Native Students’ Education in ‘Ongoing State of Emergency’

By Diette Courrégé Casey — February 28, 2013 2 min read
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“Indian education is in nothing less than an ongoing state of emergency,” and “the historically inadequate budget for the Bureau of Indian Affairs consistently inhibits the basic function of a schools—providing a safe learning environment for students.”

Those were two of the strong statements made by Heather Shotton, president of the National Indian Education Association, to a House subcommittee on appropriations in Washington on Wednesday.

The federal government is responsible for directly funding and operating two education systems: the Department of Defense schools and the Bureau of Indian Education, or tribal, schools. Shotton said she appreciated the chance to talk to lawmakers about how the federal government could bring parity to Native education.

She spoke briefly on the academic challenges of Native students, who are a significantly rural population. They have lower graduation rates and test scores than the national average, and fewer enroll in college.

The bulk of her comments focused on the facilities of Bureau of Indian Education schools, which are 60 years old on average (or 20 years older than the average traditional public school). She cited four Bureau of Indian Education schools on the Rosebud Sioux Reservation in Rosebud, S.D., where federal inspectors had found last year 120 safety deficiencies that could jeopardize the lives of students attending them.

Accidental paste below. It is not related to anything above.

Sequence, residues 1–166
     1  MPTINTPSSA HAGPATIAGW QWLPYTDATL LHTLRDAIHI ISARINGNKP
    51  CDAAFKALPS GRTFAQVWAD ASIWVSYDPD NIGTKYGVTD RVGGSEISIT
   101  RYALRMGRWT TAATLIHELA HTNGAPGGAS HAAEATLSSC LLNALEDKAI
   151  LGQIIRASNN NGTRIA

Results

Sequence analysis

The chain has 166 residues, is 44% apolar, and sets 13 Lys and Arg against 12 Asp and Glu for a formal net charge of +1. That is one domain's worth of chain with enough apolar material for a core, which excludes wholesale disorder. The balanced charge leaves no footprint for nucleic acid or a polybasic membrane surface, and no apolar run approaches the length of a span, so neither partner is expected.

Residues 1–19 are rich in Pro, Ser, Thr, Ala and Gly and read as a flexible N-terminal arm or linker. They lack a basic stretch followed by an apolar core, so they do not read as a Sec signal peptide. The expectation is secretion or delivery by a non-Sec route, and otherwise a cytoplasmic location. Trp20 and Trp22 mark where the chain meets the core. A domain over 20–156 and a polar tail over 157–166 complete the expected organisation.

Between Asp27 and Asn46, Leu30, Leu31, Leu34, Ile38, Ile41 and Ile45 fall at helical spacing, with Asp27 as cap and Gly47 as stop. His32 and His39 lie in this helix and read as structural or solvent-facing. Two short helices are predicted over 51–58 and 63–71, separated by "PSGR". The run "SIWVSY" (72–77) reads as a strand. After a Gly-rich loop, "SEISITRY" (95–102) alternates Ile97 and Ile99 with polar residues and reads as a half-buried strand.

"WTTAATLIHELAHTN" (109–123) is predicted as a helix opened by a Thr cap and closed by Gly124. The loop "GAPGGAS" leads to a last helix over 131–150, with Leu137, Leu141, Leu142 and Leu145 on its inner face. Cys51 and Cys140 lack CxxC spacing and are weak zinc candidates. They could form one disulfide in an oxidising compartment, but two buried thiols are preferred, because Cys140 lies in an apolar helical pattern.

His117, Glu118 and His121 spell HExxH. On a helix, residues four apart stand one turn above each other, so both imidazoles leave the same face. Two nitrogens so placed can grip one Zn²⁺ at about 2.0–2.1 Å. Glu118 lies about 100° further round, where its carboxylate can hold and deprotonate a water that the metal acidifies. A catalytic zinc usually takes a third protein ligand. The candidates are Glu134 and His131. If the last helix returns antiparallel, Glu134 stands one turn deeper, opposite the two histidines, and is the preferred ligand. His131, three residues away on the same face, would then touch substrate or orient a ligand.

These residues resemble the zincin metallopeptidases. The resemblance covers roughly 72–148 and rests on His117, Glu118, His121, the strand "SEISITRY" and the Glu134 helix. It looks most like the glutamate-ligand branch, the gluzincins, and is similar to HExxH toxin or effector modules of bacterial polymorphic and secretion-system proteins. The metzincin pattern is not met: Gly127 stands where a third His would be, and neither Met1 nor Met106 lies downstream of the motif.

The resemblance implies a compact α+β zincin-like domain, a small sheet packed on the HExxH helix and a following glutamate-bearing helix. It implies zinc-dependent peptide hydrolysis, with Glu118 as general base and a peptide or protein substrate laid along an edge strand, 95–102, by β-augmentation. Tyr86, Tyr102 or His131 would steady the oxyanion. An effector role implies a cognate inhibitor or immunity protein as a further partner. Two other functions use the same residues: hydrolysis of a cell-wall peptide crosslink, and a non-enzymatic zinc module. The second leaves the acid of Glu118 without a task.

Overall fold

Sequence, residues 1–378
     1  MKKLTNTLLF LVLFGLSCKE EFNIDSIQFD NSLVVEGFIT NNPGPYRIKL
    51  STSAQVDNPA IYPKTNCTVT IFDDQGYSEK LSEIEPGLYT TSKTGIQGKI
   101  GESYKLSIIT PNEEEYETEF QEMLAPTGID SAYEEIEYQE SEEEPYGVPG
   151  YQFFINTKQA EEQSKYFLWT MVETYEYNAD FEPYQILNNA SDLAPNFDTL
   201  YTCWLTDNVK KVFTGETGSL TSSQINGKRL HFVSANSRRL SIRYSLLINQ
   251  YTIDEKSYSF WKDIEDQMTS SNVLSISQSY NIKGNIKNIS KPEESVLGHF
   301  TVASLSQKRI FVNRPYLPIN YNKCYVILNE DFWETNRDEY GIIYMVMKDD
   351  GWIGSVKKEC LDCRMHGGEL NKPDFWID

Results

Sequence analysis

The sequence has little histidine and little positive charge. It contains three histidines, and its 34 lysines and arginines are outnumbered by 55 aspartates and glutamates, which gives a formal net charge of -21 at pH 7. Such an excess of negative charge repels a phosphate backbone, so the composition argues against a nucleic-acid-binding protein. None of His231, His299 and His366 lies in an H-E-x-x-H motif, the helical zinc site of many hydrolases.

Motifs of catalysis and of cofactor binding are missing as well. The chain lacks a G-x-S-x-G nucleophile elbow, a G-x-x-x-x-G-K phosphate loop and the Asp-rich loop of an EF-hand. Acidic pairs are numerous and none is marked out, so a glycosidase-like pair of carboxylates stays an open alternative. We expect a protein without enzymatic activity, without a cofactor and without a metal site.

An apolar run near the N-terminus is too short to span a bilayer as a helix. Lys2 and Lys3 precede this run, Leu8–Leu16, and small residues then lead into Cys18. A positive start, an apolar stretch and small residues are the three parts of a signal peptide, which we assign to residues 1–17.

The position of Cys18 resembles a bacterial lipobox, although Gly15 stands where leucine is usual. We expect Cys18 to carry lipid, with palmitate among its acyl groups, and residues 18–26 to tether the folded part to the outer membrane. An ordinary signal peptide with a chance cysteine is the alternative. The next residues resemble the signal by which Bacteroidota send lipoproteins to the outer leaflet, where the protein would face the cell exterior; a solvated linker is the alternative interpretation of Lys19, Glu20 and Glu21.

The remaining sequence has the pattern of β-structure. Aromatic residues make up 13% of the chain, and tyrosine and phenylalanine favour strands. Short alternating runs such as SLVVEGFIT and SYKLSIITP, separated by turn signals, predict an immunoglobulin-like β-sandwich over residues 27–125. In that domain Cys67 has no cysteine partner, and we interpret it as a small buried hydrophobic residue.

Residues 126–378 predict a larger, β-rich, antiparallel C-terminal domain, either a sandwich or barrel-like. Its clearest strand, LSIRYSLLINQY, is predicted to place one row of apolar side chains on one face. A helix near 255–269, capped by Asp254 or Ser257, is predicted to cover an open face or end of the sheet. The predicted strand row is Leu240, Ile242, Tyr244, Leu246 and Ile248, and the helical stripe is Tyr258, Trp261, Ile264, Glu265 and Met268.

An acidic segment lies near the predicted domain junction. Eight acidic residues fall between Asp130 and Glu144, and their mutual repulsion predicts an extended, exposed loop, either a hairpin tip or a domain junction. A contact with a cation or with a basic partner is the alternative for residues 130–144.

“Native children should not risk their lives on a daily basis to access their fundamental right to an education,” Shotton said. “Such problems stem from the federal government’s negligence in properly maintaining BIE facilities, which are exceeding their life expectancies by decades.”

She asked specifically for an updated list of tribal schools in poor condition as well as construction priority lists. Those last were released in 2009 and 2004, respectively, and those “outdated” lists are unacceptable, she said.

She also requested the full funding needed to complete projects from the existing construction priority lists. The association has submitted a $263.4 million budget request for school construction, repair and replacement.

“Without adequate funds to provide safe learning environments, students cannot be expected to excel,” she said.

Finally, she said federal agencies need to collaborate to ensure existing education programs are effective and funding is used efficiently. That could be done by establishing a tribal advisory committee to advise the Secretary of the Interior on policy issues and budget development for the BIE school system, she said.

A version of this news article first appeared in the Rural Education blog.